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    What You Need To Know About Food Neophobia

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    Children nowadays are often accused of having an improper diet and being very selective about food. What could be the reason for this behaviour in kids? Could it be treated as a general resistance to particular food items, or is it something a lot more serious? A few years back, researchers had talked about a syndrome they called “Food Neophobia,” which has now become quite common.

    The name of this disorder is originated from the Greek words, neos meaning ‘new’ and phobia meaning ‘to fear.’ It is regarded as ‘reluctance to eat’ or ‘fear of tasting new foods’. Neophobia is a phase many children can go through and is commonly found in children between the age of two and six. It is understood as a normal part of development in early childhood. For a small group of adults, this preference continues and is known as “Selective Eating Disorder.”

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    There is a relationship between Food Neophobia and Autistic Spectrum Disorder. People with ASD struggle with the flexibility of thoughts and are more phobic to change. Similarly, people having Food Neophobia have more rigid preferences for specific food odour, colour, and taste.

    Causes of Food Neophobia include genetic factors, combined with various psychological aspects. Moreover, a child’s previous food experience can affect his or her eating habits. Some possible symptoms of the disease include aversion to a variety of foods, avoiding parties and school trips due to the anxiety of trying something new and often avoiding eating at the dining table.

    A few years ago, ABC (Australian Broadcasting Corporation) News had demonstrated the transition in a girl, Erin, who was a picky eater. She refused to eat meat, vegetables, pasta or salad and before visiting a “rehab” program at Duke University School of Medicine Centre for Eating Disorder, it was found that the list of foods she preferred to eat was quite small. However, there was a noticeable change in her food habits after rehab, and she had added a variety of new food items to her list.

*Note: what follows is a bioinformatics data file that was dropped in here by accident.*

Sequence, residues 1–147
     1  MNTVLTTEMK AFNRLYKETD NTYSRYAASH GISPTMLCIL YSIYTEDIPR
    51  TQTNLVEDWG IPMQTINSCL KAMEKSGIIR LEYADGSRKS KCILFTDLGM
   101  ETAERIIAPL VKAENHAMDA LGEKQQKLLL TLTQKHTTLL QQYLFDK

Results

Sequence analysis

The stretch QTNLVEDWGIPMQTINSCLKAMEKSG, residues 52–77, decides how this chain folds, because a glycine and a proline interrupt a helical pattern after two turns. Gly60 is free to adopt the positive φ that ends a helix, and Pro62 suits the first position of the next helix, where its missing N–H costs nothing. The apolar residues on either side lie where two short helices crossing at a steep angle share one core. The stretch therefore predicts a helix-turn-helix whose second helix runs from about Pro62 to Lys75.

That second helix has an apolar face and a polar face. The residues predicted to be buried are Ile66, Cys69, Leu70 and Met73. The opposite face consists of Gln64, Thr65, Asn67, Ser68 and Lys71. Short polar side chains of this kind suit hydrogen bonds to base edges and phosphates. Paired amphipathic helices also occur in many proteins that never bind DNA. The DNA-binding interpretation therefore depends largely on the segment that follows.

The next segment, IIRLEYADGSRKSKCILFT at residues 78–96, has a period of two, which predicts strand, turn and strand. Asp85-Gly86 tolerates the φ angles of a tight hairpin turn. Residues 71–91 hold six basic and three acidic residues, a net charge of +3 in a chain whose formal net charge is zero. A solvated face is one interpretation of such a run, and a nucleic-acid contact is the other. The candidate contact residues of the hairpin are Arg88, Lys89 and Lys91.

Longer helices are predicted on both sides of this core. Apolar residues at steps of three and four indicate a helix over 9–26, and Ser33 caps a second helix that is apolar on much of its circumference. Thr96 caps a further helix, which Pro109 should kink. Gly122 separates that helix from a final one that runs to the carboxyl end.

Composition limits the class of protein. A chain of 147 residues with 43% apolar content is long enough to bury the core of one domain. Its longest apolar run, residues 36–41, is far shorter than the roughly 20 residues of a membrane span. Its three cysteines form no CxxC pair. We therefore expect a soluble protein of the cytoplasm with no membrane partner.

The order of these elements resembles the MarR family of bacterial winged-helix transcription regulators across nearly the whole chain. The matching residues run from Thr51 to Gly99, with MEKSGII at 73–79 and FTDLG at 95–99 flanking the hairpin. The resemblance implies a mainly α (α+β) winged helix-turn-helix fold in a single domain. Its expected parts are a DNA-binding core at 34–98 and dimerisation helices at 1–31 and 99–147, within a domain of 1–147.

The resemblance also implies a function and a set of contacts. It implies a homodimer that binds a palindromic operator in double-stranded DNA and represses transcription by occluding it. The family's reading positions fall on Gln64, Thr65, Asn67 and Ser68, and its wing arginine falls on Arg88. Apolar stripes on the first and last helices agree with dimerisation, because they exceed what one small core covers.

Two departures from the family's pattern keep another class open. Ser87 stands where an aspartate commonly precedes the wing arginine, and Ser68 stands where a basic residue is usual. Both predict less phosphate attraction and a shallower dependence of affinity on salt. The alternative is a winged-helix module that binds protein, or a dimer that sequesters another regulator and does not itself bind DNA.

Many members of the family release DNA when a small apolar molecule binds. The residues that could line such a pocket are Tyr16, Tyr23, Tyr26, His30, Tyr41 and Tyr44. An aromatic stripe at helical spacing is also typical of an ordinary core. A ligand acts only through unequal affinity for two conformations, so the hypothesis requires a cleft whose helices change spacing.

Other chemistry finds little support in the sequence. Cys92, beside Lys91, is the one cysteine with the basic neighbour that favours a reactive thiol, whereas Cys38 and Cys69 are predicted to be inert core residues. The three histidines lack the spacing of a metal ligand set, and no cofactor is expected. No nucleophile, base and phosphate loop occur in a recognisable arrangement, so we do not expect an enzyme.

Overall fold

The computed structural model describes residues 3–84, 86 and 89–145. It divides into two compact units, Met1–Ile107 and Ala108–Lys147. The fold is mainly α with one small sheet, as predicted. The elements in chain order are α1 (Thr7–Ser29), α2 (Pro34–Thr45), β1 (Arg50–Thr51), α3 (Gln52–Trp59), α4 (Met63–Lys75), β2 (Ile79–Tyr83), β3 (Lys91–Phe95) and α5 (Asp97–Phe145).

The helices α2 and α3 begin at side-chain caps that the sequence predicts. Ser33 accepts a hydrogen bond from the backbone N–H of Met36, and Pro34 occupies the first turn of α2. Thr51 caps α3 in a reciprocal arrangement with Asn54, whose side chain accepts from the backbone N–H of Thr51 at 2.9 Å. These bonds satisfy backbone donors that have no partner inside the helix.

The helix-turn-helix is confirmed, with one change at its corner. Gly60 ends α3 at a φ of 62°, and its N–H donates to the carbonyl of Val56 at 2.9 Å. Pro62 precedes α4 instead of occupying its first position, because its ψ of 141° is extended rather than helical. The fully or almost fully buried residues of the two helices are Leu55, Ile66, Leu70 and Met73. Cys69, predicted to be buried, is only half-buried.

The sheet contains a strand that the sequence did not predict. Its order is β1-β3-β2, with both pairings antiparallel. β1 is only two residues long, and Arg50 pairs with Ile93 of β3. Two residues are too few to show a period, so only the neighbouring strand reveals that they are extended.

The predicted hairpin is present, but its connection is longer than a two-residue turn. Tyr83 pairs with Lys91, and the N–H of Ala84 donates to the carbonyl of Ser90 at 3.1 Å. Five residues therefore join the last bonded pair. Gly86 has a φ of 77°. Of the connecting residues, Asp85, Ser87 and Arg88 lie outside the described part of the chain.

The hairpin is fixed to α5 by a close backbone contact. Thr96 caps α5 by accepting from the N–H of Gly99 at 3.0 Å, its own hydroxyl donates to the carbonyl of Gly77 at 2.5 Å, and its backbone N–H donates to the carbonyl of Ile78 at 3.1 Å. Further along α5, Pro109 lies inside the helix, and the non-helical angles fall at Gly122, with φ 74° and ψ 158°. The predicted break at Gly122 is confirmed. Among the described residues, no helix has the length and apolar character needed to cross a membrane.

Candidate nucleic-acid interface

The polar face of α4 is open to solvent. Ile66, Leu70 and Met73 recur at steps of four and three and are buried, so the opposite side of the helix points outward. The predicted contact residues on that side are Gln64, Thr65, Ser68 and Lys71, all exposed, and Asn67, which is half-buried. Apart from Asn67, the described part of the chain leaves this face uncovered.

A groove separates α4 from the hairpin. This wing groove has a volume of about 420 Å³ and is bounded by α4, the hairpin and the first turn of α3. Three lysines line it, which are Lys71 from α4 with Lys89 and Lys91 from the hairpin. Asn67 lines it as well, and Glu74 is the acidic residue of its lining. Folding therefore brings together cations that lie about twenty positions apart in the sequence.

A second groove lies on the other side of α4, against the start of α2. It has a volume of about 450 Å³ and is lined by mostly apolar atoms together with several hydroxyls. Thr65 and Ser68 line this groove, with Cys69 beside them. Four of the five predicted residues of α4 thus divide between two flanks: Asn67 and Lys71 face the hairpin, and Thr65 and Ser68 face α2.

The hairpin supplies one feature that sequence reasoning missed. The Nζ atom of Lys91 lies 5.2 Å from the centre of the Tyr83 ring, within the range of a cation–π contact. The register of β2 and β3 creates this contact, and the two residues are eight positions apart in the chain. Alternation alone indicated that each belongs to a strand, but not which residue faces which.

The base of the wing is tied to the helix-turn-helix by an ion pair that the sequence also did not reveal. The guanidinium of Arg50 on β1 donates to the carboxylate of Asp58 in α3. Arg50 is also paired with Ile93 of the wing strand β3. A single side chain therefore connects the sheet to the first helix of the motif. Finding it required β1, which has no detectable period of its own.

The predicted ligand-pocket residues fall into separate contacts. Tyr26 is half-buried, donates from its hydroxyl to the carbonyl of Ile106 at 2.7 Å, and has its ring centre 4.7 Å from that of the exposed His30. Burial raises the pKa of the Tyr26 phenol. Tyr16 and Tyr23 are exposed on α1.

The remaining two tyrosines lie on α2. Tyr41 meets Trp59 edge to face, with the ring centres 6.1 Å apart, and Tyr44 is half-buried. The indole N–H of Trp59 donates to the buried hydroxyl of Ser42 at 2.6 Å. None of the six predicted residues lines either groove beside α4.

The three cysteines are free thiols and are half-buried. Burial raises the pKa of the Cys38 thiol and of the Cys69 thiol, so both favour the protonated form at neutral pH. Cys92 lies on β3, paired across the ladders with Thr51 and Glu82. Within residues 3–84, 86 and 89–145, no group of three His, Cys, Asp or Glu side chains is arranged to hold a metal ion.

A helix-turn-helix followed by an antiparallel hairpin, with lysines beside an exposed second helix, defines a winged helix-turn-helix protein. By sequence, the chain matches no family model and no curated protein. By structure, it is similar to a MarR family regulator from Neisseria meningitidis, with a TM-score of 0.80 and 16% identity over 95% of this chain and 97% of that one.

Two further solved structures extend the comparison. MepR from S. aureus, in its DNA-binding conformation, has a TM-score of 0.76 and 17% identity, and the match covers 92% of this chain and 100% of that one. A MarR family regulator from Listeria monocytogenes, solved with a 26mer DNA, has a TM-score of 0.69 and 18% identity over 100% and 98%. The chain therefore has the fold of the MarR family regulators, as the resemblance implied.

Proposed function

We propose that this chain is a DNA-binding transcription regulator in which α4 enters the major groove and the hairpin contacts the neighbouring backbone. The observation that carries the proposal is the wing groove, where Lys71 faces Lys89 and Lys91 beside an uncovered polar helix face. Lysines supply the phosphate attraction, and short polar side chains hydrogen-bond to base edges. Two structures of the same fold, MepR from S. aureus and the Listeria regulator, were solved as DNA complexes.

Picky eating has many adverse effects on our bodies as it curtails vegetable intake and causes a deficiency of vitamins and nutrients. It hinders body growth and production of hormones in adolescents and also affects their immunity. The illness can be dealt with if the parents pay extra attention to their child’s diet and take some steps to encourage them to overcome the fear. Many institutions are working on it currently. Food Neophobia can be eradicated only when the parents understand its harmful effects.

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    1. Hi, I am a child feeding specialist and I have to highlight some misinformation in this article! Neophobia is neither an illness, syndrome or a diagnostic label. Currently, Avoidant Restrictive Food Intake Disorder (ARFID) is the only disorder included in the main diagnostic manual used by clinicians (DSM-5) in relation to severe ‘picky eating’. Neophobia is a phase many children go through and is not necessarily problematic . It is understood as a normal part of development in early childhood. You write that picky eating has a negative impact on growth and nutritional status – again, recent research shows that this is not the case. Some children at the extreme end (e.g. with an ARFID diagnosis) may have growth issues and nutritional deficits but this is certainly not the norm. You may find my article on neophobia useful: https://www.jocormack.com/2018/07/03/what-is-neophobia/

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